This post reiterates advice I would give myself. Additionally, I would add something I wish I had known a year ago before my book of poetry was published. No one told me that most writing contests require unpublished work. If you want to enter poetry contests, enter before you publish. Many contests even include work published in blogs as previously published. I continue to hunt for contests that allow previously published work. It seems few exist. If any of you writers out there know about such a contest, please let me know.
With AWP (Association of Writers & Writing Programs) and National Poetry Month just around the corner, I’ve been thinking a lot about what it means to be a working poet. I’ve got a couple of projects in the works for the month of April (updates to come soon) but I keep coming back to a piece of advice I’m always giving my students, which is that poetry doesn’t occur in a vacuum. Poetry is about the poet but it’s also about the community where the poet lives and works.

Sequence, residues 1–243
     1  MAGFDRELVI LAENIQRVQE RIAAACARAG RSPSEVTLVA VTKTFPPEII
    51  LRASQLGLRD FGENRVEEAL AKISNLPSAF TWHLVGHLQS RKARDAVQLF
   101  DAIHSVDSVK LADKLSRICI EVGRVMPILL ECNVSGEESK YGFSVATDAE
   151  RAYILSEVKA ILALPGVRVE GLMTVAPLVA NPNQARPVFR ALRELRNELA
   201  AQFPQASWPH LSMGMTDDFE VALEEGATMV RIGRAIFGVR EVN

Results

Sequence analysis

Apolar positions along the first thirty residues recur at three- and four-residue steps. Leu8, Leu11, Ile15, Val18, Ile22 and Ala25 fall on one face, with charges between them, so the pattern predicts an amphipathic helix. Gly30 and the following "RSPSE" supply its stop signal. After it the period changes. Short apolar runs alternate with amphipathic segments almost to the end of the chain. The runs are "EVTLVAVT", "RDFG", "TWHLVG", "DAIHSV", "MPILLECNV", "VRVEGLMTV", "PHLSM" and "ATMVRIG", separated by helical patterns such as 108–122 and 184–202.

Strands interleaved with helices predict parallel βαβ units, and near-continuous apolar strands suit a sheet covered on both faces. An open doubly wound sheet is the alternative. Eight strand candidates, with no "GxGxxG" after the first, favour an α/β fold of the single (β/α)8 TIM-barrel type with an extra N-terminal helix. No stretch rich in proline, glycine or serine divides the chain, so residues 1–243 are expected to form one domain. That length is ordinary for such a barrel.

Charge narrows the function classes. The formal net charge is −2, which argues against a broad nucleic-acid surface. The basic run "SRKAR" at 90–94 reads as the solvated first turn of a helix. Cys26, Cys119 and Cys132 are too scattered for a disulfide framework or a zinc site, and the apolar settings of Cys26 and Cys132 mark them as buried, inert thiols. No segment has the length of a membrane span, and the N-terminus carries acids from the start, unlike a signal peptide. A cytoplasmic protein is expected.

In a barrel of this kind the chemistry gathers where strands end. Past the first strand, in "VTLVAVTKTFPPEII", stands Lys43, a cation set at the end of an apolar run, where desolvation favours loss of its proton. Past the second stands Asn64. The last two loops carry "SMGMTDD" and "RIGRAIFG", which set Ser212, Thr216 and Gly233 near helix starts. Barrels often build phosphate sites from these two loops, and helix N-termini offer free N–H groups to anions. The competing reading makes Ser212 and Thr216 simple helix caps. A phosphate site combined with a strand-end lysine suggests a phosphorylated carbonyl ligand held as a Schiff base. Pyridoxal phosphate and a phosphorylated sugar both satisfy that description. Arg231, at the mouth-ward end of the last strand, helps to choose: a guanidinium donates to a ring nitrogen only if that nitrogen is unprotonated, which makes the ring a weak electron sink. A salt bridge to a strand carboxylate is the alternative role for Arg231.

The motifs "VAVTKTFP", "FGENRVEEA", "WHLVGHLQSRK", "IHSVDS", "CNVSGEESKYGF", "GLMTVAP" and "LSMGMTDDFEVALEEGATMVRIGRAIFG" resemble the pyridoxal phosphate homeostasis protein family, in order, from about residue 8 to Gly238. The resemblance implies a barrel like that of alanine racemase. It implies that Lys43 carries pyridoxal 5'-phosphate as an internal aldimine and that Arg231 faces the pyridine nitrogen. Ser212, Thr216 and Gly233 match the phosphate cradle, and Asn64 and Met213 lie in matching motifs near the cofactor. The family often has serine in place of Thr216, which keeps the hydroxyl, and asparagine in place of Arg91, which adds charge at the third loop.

Admittedly, the idea of community is constantly evolving. Your community can be your workplace, the local bookstore or coffee shop you frequent or your local library. However, community can also mean something much bigger, especially in the wake Facebook, Twitter and Instagram. I’ve blogged about my love affair with social media and the poetry world. This love centers around the fact that Facebook…
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